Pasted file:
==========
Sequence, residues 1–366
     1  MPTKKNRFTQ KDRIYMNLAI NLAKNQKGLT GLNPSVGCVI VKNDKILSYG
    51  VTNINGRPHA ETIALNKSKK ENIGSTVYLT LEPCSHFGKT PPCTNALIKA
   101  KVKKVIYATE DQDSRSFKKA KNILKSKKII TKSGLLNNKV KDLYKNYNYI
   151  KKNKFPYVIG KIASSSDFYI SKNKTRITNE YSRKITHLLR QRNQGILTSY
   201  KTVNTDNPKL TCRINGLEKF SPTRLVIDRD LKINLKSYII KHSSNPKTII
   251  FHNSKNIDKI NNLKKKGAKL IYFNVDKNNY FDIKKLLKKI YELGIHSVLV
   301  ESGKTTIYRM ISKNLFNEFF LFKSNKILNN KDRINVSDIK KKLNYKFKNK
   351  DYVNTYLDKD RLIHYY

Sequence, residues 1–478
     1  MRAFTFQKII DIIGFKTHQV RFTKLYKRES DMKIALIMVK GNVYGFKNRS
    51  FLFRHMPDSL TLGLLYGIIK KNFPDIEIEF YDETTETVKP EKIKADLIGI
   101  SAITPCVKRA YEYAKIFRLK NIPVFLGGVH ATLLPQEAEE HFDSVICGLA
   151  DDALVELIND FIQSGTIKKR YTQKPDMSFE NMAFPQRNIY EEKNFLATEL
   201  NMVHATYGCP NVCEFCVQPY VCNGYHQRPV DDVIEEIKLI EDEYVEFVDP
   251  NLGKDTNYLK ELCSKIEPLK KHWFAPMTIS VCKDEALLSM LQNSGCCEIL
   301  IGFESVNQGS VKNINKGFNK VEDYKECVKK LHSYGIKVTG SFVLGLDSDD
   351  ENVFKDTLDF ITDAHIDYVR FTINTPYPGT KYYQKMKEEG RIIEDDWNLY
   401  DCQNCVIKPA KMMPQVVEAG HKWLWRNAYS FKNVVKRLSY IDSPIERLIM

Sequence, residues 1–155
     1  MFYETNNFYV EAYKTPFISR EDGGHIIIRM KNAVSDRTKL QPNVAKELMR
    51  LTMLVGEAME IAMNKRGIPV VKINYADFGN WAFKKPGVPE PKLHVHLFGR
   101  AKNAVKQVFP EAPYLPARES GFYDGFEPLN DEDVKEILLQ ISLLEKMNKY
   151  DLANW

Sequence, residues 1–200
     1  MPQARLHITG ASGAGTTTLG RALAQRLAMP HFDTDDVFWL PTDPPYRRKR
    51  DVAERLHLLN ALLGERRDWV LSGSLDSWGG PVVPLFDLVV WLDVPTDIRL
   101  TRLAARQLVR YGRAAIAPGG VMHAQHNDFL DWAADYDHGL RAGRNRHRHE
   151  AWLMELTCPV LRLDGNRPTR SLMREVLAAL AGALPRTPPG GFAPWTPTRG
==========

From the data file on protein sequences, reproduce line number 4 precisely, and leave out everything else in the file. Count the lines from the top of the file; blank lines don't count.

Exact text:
   101  KVKKVIYATE DQDSRSFKKA KNILKSKKII TKSGLLNNKV KDLYKNYNYI